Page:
Dave Butz was talking about his heart, and from it. The before and the after of games such as yesterday's belong to the old men of sport. Because they know how truly elusive even penultimate victory can be, they seem to crave it more -- and savor it longer.

There had been a meeting on the eve of the NFC title game, one of those coaches-get-lost sessions where the Redskins pups demanded that some of the geezers rise and rhapsodize.

Butz spoke, and then proceeded to whip the devil out of Minnesota blockers close to a decade younger yesterday. Doug Williams spoke, and then overcame a fairly awful three quarters to produce the winning touchdown pass.

Uppermost in many Redskin minds for a couple of weeks has been the consummate nonplaying veteran, Nate Fine. He has been the Redskins' photographer for as long as the Redskins have been Washington's -- and he is very ill. That the team has dedicated the season to him also was emphasized Saturday night.

If another football fossil, middle linebacker Neal Olkewicz, had not flung himself over a pile of bodies and helped keep rookie D.J. Dozier out of the end zone 10 minutes earlier, the second-greatest Redskin play of the '80s would not have taken place.

The goal-line stand on a pass pattern the Vikings call "Smoke 83 Option" now ranks just behind the John Riggins touchdown run in Super Bowl XVII in recent Redskins lore.

It was a freeze-frame moment. And because Butz's heart is larger than nearly every other in town, he was asked how it behaved when Wade Wilson dropped back and cocked his arm with the clock under a minute and the Vikings six yards from overtime.

"Did it sink?" Butz asked, repeating the question and smiling. "It didn't sink; it stopped. I saw the ball being thrown. I saw a receiver {Darrin Nelson} open a whole lot.

"I saw his {Nelson's} feet over the goal line" -- and then his eyes caught what Nelson couldn't, the ball popping free and falling to the ground.

"How close," he asked, "can you get?"

Until Darrell Green either bumped the ball loose or Nelson simply was another Vikings running back who forgot how to keep hold of a pass yesterday, the Redskins bandwagon had been bogged down somewhere around New Mexico after racing toward San Diego at a fierce clip early with the opening 98-yard touchdown drive.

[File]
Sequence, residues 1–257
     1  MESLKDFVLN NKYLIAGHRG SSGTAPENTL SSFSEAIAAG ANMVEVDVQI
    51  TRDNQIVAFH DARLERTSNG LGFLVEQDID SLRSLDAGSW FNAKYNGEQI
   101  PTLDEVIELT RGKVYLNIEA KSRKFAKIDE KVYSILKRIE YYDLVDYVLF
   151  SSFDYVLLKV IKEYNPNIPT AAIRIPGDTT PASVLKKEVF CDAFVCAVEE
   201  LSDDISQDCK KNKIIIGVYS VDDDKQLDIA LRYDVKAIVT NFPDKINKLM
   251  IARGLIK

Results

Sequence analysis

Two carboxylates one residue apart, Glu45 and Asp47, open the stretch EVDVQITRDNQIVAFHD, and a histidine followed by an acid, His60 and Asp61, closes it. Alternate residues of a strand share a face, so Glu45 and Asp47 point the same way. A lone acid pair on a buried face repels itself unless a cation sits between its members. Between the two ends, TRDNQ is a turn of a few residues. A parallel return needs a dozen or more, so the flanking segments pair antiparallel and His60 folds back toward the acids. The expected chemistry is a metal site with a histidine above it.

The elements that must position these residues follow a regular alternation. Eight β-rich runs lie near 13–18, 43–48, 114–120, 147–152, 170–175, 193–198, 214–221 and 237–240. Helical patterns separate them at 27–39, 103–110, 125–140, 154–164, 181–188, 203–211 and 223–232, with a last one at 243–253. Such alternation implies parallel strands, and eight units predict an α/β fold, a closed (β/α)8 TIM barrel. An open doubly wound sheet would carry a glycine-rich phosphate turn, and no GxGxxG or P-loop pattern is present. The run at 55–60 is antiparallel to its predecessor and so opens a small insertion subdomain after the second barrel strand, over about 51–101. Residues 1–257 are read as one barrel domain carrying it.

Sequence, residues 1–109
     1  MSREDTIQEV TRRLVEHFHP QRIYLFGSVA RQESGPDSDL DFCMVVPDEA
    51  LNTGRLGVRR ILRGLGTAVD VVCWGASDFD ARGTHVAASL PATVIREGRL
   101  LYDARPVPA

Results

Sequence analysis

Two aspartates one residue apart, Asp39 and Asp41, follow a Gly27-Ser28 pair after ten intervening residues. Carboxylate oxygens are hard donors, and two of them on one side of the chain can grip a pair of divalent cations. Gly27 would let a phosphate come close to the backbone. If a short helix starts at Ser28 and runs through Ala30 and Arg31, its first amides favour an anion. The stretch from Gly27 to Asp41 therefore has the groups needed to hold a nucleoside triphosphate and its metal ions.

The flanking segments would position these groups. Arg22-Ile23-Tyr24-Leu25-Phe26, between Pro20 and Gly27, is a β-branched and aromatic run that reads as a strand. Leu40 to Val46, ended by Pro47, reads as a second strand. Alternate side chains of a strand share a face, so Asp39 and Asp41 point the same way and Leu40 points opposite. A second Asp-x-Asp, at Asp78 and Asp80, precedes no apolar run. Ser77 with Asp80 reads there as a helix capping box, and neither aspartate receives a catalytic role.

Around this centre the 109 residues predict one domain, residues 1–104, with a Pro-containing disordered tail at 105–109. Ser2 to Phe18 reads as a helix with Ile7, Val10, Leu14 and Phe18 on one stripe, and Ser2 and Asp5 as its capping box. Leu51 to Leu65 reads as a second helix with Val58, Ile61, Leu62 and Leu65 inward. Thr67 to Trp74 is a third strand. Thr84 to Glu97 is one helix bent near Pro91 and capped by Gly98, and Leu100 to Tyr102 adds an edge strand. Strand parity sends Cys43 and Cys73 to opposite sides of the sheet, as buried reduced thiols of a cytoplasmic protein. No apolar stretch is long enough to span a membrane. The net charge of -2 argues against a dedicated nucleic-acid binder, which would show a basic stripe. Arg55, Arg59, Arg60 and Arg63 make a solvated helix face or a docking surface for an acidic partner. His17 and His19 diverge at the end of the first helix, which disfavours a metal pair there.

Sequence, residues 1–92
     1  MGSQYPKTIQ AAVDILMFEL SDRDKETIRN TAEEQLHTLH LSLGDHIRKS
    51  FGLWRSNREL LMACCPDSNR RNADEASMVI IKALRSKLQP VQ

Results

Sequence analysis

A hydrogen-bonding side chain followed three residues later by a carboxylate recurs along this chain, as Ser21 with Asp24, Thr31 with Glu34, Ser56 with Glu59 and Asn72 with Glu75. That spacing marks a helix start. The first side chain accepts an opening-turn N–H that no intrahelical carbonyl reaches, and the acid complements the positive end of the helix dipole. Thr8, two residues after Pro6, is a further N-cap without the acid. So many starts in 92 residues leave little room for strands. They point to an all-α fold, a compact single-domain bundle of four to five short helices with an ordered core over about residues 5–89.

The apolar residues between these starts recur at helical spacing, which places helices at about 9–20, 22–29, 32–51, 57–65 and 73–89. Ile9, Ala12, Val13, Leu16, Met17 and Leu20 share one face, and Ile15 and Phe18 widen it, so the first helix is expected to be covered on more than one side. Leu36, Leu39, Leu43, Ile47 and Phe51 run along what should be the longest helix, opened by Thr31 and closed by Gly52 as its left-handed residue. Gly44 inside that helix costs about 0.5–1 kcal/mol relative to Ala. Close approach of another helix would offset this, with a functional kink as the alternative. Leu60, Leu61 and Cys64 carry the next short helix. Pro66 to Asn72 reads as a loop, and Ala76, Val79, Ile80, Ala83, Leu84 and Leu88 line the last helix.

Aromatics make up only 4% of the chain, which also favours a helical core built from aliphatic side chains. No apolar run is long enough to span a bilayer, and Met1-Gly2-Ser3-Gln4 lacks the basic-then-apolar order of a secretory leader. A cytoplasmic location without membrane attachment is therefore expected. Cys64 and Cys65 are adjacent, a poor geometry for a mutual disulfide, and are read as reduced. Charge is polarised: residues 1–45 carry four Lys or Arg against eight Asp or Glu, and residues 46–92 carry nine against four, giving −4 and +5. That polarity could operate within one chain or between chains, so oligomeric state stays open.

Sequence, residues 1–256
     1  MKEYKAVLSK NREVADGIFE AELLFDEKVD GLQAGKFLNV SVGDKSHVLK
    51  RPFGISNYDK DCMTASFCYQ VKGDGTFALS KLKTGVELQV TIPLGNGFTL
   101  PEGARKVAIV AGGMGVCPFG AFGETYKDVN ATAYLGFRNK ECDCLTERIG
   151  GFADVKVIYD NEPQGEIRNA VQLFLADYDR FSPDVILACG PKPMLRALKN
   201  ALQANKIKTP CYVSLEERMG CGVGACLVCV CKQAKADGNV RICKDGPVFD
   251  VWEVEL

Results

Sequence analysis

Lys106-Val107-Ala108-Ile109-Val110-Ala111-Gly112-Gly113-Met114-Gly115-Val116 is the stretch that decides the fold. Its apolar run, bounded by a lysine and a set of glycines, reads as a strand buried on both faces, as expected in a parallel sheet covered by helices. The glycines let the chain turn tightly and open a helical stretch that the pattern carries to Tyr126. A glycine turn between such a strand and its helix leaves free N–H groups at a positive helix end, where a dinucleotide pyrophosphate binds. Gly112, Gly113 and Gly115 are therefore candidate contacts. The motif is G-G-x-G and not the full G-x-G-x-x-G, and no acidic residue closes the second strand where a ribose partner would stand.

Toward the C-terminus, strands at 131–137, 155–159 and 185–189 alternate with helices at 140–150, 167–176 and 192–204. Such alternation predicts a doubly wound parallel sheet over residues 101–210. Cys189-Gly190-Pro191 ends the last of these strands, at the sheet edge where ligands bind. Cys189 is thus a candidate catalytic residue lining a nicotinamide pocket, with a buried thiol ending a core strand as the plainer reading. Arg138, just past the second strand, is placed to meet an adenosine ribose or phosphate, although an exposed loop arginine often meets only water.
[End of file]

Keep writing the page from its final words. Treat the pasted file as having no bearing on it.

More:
At that point, Washingtonians were hopeful of a rout; but having followed these Redskins faithfully -- and fitfully -- this strange season, they knew not to get too excited too soon.

As might have been expected, the offense tripped all over this wonderful thing known as opportunity. With a chance for at least three almost-certain touchdown passes, Williams either threw too long or too late.

Jay Schroeder also was itchy. Whether the notion of replacing Williams ever honestly interrupted Coach Joe Gibbs' side line concentration, the customers seemed about a series away from demanding a change.

Then Olkewicz dragged Dozier back to earth, on third and goal from the 1, and the Vikings lost four important points by having to settle for a field goal.

After the next kickoff, Williams showed that he could, too, hit the side of a wide-open Gary Clark. As before, Clark was yards beyond the closest Vikings defender; unlike before, Williams made absolutely certain the ball would not sail out of sight.

That was for 43 yards. Two plays later, Williams whistled a pass that might have stuck to Clark's chest in the end zone had he not cradled it there.

That brilliant Williams bullet and that glorious grab by Olkewicz made certain that the Vikings needed to surge into the end zone on their final march just to earn overtime.

"We had so many more defenses this time," said Olkewicz, comparing yesterday to the final regular season game in which career-backup Wilson had embarrassed the Washington defenders.

The Redskins defense might have been four times as complex this time, Olkewicz imagined. There were fresh faces, Clarence Vaughn, Ravin Caldwell and Kurt Gouveia, in addition to fresh formations.

"I'm sure they had to be confused," Olkewicz said. "Sometimes, we were."

The Vikings scored 38 points in an overtime loss to the Redskins in the 1986 regular season. The Vikings scored 24 points in the overtime loss three weeks ago. The Vikings got just 10 points yesterday.

Some progression.

In the clubhouse about an hour after the Vikings had gone up in "Smoke 83 Option," Butz's son, David, offered him what had given him the right to speak his mind about 18 hours earlier: two Super Bowl rings.

The 14-year veteran recalled telling his teammates how "sick" he felt after the Redskins lost to the Giants in the NFC final last season.

"I told them how far we'd come this season," he said, "how we were one little game away {from the Super Bowl}. I said how sick we'd be {if they lost}, that we'd just be sick the whole offseason."

Butz then revealed that he'd been sick enough at being underappreciated during a training-camp holdout to seriously consider retirement. Linemate Charles Mann had made some unflattering comments.

Still, Butz was in excellent shape. So his wife Candy decided to do some powerful persuading. Butz recalls her saying: "You can stay here {in Belleville, Ill.} if you want; I'm going to Washington."

"You told me that in the kitchen, remember?" he said to her outside the clubhouse. She did. Then they walked off with friends, David trailing his father and holding a game ball.